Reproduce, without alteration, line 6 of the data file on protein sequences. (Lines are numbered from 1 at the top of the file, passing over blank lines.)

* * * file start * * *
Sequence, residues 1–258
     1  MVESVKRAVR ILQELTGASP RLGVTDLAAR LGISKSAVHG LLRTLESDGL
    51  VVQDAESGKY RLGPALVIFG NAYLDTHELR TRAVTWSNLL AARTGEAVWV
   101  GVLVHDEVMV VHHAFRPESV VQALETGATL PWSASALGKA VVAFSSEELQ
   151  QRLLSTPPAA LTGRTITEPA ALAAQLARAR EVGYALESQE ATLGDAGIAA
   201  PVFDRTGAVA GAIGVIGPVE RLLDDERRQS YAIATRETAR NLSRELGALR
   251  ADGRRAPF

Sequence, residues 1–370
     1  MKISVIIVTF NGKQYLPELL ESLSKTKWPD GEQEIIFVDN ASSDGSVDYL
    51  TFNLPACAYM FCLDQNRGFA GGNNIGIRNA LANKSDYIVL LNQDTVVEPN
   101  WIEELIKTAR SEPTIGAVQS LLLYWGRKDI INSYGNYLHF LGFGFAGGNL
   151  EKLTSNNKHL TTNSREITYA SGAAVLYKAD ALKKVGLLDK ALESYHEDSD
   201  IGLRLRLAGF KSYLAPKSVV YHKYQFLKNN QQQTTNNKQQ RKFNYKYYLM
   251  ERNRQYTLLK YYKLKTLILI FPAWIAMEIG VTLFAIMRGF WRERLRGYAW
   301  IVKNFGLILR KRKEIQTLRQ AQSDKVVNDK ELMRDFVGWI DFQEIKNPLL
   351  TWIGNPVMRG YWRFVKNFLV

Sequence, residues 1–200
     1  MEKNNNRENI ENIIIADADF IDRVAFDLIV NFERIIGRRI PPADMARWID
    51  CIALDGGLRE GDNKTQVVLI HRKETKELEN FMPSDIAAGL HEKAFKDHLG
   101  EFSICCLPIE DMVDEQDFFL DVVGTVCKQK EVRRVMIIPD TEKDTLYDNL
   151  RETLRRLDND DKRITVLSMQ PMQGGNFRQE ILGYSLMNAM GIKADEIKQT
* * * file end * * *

   201  PVFDRTGAVA GAIGVIGPVE RLLDDERRQS YAIATRETAR NLSRELGALR